Some distro repositories carry DotGNU binaries, but it's a good idea to compile them from source. The tarballs are available on the DotGNU website [1], and you can also fetch them via CVS.

To get the compiler and libraries, install treecc, pnet, and the pnetlib packages. Optionally, the ml-pnet package lets you work with Mono's libraries, and the pnetC package enables the DotGNU compiler to compile C programs.

The command:

cvs -z3 -d:pserver:anonymous@cvs.sv.gnu.org:/sources/dotgnu-pnet co .

downloads the latest source of all DotGNU packages inside the directory it is issued from, so make sure it is under something like /opt/dotgnu. Now change to each directory and run ./auto_gen.sh for all the packages to generate the configuration and make files. Once that's completed, or if you just grabbed the tarball instead of checking out via CVS, the usual ./configure, make, make install (the last one, as usual, as root) will install the DotGNU compiler and libraries.

Working with the Compiler

For those who speak binary, DotGNU works by transforming bytecode into a simple instruction set that is passed on to a virtual machine to be executed via an interpreter. This design makes DotGNU easily portable and explains the number of supported platforms.

The components you'll use are the ilrun run-time engine, which executes the binaries doled out via the cscc compiler, and cscc some-program.cs, which produces a file called a.out. This file can then be executed with:

ilrun a.out

With the -o switch, you can specify a file name when compiling your program with cscc – for instance:

cscc -o some-program.exe some-program.cs

To print debugging information, use the -v switch while compiling.

If you have to link against a particular library, say System.Drawing, you'll need to point this out to the compiler with the -lLIBRARY switch, which will search for the libraries DLL along the library search path. If you are compiling a GUI program that uses the System.Windows.Forms library, you can also use the -winforms switch, which automatically links all the libraries required to process a WinForms-dependent program. Sometimes you'll have to create your own DLL libraries. The -shared switch will produce these DLLs instead of a .exe.

In addition to C#, the DotGNU compiler can also compile to Java Virtual Machine bytecode with the -mjvm switch. Remember to use the .jar file extension instead of .exe or .dll.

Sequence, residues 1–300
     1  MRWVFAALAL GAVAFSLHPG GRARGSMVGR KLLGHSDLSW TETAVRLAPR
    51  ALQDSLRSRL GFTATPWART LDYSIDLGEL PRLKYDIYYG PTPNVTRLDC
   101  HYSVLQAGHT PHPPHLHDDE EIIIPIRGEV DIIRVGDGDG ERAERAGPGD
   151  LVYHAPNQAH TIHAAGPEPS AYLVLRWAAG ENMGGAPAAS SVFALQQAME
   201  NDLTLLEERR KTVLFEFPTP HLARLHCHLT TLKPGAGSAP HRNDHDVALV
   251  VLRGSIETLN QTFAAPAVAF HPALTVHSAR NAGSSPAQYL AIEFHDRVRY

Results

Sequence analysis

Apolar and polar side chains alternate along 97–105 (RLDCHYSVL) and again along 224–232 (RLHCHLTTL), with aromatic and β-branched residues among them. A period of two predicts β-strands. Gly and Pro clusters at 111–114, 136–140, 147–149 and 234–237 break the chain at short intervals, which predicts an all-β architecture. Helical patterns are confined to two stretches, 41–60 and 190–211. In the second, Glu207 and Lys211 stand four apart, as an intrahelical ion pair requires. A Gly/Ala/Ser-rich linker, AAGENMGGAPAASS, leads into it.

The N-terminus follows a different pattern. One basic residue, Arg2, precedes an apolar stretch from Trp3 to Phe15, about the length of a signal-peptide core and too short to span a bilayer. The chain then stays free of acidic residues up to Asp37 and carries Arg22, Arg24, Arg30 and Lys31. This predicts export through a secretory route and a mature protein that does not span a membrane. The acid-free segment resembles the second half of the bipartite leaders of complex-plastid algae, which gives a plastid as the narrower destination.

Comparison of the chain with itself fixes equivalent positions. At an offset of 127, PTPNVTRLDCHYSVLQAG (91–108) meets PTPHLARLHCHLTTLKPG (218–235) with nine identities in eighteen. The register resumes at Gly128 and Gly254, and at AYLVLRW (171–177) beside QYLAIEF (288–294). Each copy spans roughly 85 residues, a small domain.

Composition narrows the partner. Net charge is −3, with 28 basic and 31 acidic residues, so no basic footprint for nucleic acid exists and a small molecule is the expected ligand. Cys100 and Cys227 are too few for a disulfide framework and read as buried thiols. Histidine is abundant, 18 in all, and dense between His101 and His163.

Dive In

After that brief introduction to the compiler and common options, I'll honor the long tradition of coding tutorials by writing a "Hello, World" program in C# (Listing 1) and compiling it with cscc -o hello.exe hello.cs.

Listing 1

Hello.cs

01 using System;
02 public class HelloWorld
03 {
04         public static void Main (string [  ] args)
05         {
06                 if (args.Length != 1)
07                 {
08                         Console.Error.WriteLine("You must tell me your name.");
09                         Environment.Exit(-1);
10                 }
11                 string name = args[0];
12                 Console.WriteLine ("Hello, {0}!", name);
13         }
14 }

The simple program contains only one method: Main(). Command-line arguments are passed to this method as an array of string objects by way of the System library and its various classes and methods. System.Environment.Exit() exits the program and sends a return code to the shell. The System.Console class interfaces the command line to the program. The Console.Writeline() method writes the greeting to standard output, and Console.Error.Writeline() writes to standard error.

Listing 1 greets the user with a name slipped in as input. But why enter a name for the user when a name is probably already defined on the system? Using the System.Collections library, you can, among other things, display the contents of all the environment variables. If you modify the hello.cs program to use the System.Collections library (Listing 2), you can read the username of the user executing the program with value = Environment.GetEnvironmentVariable("USER"), wherein value is a String type variable.

Listing 2

Hello-Advanced.cs

01 using System;
02 using System.Collections;
03
04 public class HelloWorld
05 {
06         public static void Main()
07                 {
08                 String value;
09                         value = Environment.GetEnvironmentVariable("USER");
10                         if(value != null)
11                         {
12                                 Console.WriteLine("Hello, {0}!", value);
13                         }
14                         else
15                         {
16                               Console.WriteLine("Sorry, you apparently don't have a name!");
17                         }
18                 }
19 }

Get Set GUI

One of the best bits about DotGNU is an implementation of the System.Windows.Forms library that doesn't require translation via other popular toolkits such as Gtk. Much like the Java Swing library, DotGNU's System.Windows.Forms draws its own controls.

To compile the code in Listing 3, use:

cscc -o form.exe form.cs -winforms.

The code displays a simple re-sizable window with the usual minimize, maximize, and close controls.

Listing 3

Using System.Windows.Forms